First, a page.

My university has a co-op program, where students have two quarters in class, and two quarters working full-time in their industry for the middle three years of their five-year programs. At my second co-op, the company's VP of Operations (in charge of the national HQ office I was working in) offered to act as a contact/reference for me (and my fellow co-ops at the company).

It has recently come to my attention that his position at the company was dissolved due to the president/CEO deciding it was no longer needed, and that his duties could be rolled into the other departments. Unfortunately, the only method of contact i had was through his company email/phone number.

Is it a good idea to try and track him down to keep the reference valid, or should I drop it and look for other reference sources? If I should look into finding a new contact method, should I touch base with the company's HR department, and if not ask them to give me his number/email, at least pass a message onto him with my email?

  • 5
    Try linked-in? .
    – enderland
    Commented Jun 19, 2013 at 14:01
  • @enderland i do not have an account, though it's something i intend to take care of after my current co-op is complete.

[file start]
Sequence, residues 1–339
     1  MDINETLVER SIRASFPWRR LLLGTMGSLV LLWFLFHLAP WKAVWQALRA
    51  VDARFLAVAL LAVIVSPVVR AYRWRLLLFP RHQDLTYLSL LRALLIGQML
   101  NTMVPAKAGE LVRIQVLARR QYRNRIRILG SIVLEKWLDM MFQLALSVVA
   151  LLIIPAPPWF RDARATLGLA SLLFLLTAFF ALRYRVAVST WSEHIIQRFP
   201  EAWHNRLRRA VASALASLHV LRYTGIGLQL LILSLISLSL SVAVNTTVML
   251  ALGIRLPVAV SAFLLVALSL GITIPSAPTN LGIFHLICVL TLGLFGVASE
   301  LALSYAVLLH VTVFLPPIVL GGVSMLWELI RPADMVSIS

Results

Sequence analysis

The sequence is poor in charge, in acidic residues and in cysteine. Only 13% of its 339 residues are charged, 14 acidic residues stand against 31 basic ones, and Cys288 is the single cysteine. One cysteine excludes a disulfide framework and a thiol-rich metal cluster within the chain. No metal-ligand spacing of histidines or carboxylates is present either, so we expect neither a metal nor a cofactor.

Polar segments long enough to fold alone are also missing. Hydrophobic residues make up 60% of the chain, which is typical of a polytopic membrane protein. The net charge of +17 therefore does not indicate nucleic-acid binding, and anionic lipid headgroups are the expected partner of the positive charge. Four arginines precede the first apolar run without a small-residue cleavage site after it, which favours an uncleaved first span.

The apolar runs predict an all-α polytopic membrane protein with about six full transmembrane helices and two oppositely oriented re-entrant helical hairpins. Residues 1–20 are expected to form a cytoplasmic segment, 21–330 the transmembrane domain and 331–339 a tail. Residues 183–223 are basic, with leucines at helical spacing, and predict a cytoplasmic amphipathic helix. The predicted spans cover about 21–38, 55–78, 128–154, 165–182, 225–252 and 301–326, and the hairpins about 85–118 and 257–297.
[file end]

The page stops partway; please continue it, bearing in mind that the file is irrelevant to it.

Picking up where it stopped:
– acolyte
    Commented Jun 19, 2013 at 18:31

2 Answers 2


In my experience, there's certainly nothing wrong with using a reference who has moved on from the place where the two of you worked together. I've both used references after they left the employ of the place where we worked together, and also served as a reference for someone after I left the place where we were working together. No one has ever said this was a problem either way.

As for getting back in contact with this person: As a comment suggested, you can try LinkedIn or other social media. Another possibility would be to contact other former co-workers from that company, if you are still in touch with someone there. Your own suggestion of HR might be useful also. In either case, I advise giving them your contact information and asking that they pass it along to the person you want to contact. This is because people often don't want to give out contact information for someone without that person's permission; in fact, I'd expect HR to have a policy prohibiting such action. However, it's probably okay for them to pass your information to the other person, once you've given permission.

  • Yeah, i wasn't going to ask them to give me his personnel file or anything, just that they pass a message on. The only real issue is that i'm not sure how he might feel about getting a message like this from the company.
    – acolyte
    Commented Jun 19, 2013 at 18:30

In general it is your responsibility to stay in touch with your references. LinkedIn makes this so much easier today. I would be very surprised if HR would send a message to a former employee for you. They have no vested interest in doing do. Join LinkedIN and search for the person.

You might also consider contacting anyone else that you worked with at that co-op to get a reference. Possibly some of them are still at the company.

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